Agile development is based on CI/CD processes and supporting tools which together drive CI/CD pipelines. CI/CD automation tools (Jenkins, Azure DevOps, Docker, etc.) help developers create, use and enhance agile workflows. These workflows define how code is developed and deployed, creating standardized practices for team members to follow. Once the workflow is established with confidence, it can be automated.

Chef Continuous Delivery features integrate with all these automation tools. Chef artifacts can be easily validated and deployed to diverse environments, easing the automation of workflows.

Chef and Jenkins

The main goal of Continuous Delivery is to get changes into production quickly, completely, safely and sustainably. Tools such as Jenkins have enabled DevOps teams to help define pipelines that trigger automated workflows on demand. With that said, organizations may have applications written in different languages or deployed on different operating systems or in the cloud. This variance can increase the overhead necessary for managing pipelines at scale. If your team is considering Jenkins as part of their workflows, you can learn more in our Chef/Jenkins Better Together blog.

Chef Habitat mitigates these issues with a consistent methodology for defining an application’s dependencies, all the steps needed to build and install it and the configurable settings to manage it.

Containerization and Orchestration (e.g., Docker and Kubernetes)

Developers are increasingly turning to containers to deliver and run more modular software. “Container solutions have provided organizations with the means to deliver applications in a way that’s lightweight, immutable, and portable. This, in turn, enables the creation of highly efficient, distributed architectures for their environments,” the Chef and Kubernetes page said. However, while Kubernetes has certainly helped organizations, there are still numerous creation and maintenance challenges to face, including:

  • Opaque Containers: Inspecting and determining what exactly is running in a live container can be difficult.
  • Security & Compliance: Detecting which containers and/or pods are affected by new regulatory requirements or threats and then planning remediation is not straightforward.
  • Non-Cloud Native Apps: Migrating older apps using a “lift and shift” approach moves the app and everything else running along with the app, resulting in bloated, hard-to-manage containers.”

Deployment Automation

As captured in our Embrace DevOps eBook, the key is to automate everything. Using code to represent tasks is critical, as it brings process and policy standardization across the organization. For example, simplifying processes into repeatable functional code makes it easier to automate development and deployment processes while greatly reducing human errors.

The end result is Continuous Automation. This process involved the automation of each part of an application’s lifecycle to build and deploy software and changes in a fast, consistent and safe manner. Our Understanding Continuous Automation blog states that it integrates automation of infrastructure, applications and compliance, defining elements as code to make it simpler to manage multiple versions, test for different conditions, adjust as needed and apply at scale.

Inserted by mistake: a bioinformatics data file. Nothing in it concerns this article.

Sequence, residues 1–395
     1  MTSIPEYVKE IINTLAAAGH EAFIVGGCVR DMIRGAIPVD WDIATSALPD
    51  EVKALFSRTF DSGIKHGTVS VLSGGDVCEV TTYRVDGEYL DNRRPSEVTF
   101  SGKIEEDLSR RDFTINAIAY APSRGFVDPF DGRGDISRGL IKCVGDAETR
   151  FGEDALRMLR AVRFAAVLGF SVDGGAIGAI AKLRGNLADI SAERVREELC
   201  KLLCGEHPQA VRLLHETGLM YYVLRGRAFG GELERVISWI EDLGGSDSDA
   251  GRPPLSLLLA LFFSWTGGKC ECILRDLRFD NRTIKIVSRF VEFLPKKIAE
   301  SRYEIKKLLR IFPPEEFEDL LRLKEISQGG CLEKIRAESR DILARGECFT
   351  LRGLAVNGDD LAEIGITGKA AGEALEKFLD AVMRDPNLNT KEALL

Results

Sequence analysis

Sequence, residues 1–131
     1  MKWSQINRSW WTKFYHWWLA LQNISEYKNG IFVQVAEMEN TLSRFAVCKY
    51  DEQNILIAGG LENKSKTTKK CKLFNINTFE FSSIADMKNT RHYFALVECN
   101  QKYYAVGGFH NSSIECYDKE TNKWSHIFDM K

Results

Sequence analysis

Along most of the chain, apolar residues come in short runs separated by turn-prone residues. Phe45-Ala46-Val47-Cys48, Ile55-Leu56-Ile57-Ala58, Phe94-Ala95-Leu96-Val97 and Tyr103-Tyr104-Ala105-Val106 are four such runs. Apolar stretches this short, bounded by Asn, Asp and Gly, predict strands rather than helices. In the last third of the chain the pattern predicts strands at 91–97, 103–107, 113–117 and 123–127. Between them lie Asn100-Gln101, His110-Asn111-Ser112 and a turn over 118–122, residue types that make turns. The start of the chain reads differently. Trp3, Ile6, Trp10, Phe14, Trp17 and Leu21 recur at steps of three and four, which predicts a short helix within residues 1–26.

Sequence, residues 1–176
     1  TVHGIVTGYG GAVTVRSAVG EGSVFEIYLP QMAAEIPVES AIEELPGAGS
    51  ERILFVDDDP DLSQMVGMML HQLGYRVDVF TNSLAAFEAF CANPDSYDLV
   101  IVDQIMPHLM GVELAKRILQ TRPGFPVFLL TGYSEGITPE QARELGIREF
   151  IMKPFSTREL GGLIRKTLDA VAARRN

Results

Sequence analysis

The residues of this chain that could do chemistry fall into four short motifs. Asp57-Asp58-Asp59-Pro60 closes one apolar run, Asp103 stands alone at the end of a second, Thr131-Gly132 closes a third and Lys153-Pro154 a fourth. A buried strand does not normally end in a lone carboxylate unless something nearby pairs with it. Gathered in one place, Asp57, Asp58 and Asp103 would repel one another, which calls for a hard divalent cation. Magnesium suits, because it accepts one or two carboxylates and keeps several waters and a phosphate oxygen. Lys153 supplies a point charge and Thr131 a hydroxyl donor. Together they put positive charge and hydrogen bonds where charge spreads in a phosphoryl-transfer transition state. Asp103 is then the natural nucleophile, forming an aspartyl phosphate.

One configuration automation solution is Red Hat Ansible. While Chef also provides configuration automation features, Ansible users can integrate the Red Hat tool with Chef. In addition to helping clients define and deliver infrastructure as code, Chef offers a variety of robust automated compliance and security solutions that can be used with Ansible. Using Chef Compliance Audit, clients can validate which Ansible server their connected to, understand application configurations and reduce system vulnerabilities. Our Chef and Ansible web page explains these capabilities in more detail.

Monitoring and Logging Solutions

DevOps monitoring often starts with the most fundamental question: “Is it up?” While it sounds like a yes or no question, there are gradations, such as how well the apps perform. Poorly performing apps stifle productivity and turn off customers.

Monitoring goes hand in hand with logging, as explained in our DevOps and Monitoring blog. DevOps teams use log management to keep track of information and make vital business decisions. It’s important to take a moment to understand what log management means, as numerous log files are automatically generated by several different users or types of hardware. This creates an ever-growing amount of data for teams to monitor. With log management, logs are centralized in one platform, using similar structures. Once logs are centralized and structured, they can be stored based on tiers of relevance, compliance mandates and need for analysis.

Benefits of Implementing Continuous Delivery

  • Faster Time-to-Market
  • Greater developer (DevOps) productivity
  • Reduced Human Error
  • Improved Quality Assurance
  • Enhanced Team Collaboration
  • Improved IT Code quality

Common Challenges in Continuous Delivery

  • Facing ever-changing security vulnerabilities
  • Lack of inter-team collaboration and communication
  • Failure by all team members to use the same toolset and code repository
  • Lack of version control
  • No automated testing

Technical Debt

Technical debt is the aggregated cost incurred by not making optimal decisions when designing your software, developing the code and keeping it updated and maintained. Some of these costs come from subpar performance, unreliable and unsafe software and an inability to scale. These issues can also damage development team morale and end-user satisfaction.

As stated on the Chef Continuous Delivery page, “Continuous Delivery is a practice of delivering software in small and frequent increments that can be released at any time. This helps avoid or minimize technical debt that results from long and complex development cycles, integration issues and deployment failures.”

Security and Compliance Concerns That Lead to Technical Debt

  • Reliance on manual processes
  • Lack of teamwork, communication and commitment to common goals and processes
  • Imperfect pipelines, including lack of visibility

Tooling and Integration Issues

  • Siloed development solutions
  • Lack of commitment to use common tools
  • Failure to adopt a CI/CD pipeline that demands automation, version control and rigorous testing
  • Lack of integration between development-related pipeline solutions